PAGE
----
you have not broken your natural instincts yet and are still reacting to them. have faith in what you were taught, good luck idiot.
  10. you probably will have to replace the handlebar, from memory it is about $70 but you can do the labour yourself

    as for the falls, don't reproach yourself, you aren't the first and you won't be the last :)
  11. LOL, go easy.

    I agree with the post though. You, the original poster (as we all did at some stage) have a lot of learning to do, get some help, find a rider who has some more experience and get some help, or go to one of the many places that specialise in teaching these skills (eg HART).
  12. Im feeling the love lol
  13. Ahh the memories, of making stupid mistakes resulting in damage to a bike :LOL:.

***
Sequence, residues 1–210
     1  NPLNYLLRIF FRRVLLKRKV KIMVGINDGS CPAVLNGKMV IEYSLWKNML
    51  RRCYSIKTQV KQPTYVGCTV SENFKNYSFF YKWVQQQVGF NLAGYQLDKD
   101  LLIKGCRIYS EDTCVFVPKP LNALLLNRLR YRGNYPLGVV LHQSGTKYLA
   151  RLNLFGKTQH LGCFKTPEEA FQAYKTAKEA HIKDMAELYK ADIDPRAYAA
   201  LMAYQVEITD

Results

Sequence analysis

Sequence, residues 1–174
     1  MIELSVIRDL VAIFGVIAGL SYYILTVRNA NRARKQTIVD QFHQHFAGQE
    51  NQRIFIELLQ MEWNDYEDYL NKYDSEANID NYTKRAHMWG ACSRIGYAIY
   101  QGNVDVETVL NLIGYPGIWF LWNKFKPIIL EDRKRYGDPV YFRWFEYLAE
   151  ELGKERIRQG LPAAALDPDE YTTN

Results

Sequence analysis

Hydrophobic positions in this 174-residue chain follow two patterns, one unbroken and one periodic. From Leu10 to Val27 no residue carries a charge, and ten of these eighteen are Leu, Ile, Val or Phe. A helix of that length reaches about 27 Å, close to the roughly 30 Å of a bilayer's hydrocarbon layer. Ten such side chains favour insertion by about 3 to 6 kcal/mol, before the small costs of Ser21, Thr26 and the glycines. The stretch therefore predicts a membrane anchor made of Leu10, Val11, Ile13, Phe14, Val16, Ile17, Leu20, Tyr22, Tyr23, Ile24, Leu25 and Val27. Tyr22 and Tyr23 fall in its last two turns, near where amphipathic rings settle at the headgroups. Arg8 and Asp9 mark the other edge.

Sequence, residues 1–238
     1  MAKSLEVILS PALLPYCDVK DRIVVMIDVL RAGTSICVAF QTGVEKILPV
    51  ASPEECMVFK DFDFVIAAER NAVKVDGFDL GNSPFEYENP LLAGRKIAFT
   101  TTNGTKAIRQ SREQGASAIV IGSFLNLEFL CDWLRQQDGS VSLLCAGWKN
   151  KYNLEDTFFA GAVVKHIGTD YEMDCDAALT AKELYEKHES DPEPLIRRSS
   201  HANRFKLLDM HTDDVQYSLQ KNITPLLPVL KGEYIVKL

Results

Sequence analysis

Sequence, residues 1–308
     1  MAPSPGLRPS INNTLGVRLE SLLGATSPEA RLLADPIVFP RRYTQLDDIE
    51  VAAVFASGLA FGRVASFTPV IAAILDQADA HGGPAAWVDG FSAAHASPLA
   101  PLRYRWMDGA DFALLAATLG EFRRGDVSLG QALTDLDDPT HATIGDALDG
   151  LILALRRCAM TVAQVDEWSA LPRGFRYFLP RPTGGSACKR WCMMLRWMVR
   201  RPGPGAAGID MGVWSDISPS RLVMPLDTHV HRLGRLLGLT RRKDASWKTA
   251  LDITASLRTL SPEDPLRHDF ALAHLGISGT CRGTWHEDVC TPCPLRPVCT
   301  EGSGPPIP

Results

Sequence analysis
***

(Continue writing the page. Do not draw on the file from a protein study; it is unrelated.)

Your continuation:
As others have said don't stress about it too much, just try to think about what you did wrong and try to avoid doing it again. This is how we learn. :).

    But defintiely make sure you check the bike is okay mechanically ;).
  14. Are you aware that when doing a uturn you tilt the bike rathe aggressively toward the direction of turn and lean AWAY from the turn with your body. Use a fixed throttle and slip the clutch if necessay to keep control, and regulate your speed with the REAR brake only.

    As for standing the bike up and bailing on the corner, than happen but you must get off the brakes soon as you hit any dirt and reapply them gently. Not enough room doom for that? Then you reall stuffed up and should been practicing your "turning while braking" technique. ( very few riders do it, and it's why they crash in many cases.

    The bars could be weakened by the time you straighten up, so replace the bar and while it's in the shop get them to PROPERLY check the alignment to ensure you did bend a fork or twist them in the triple clamps.

    And stop crashing. :)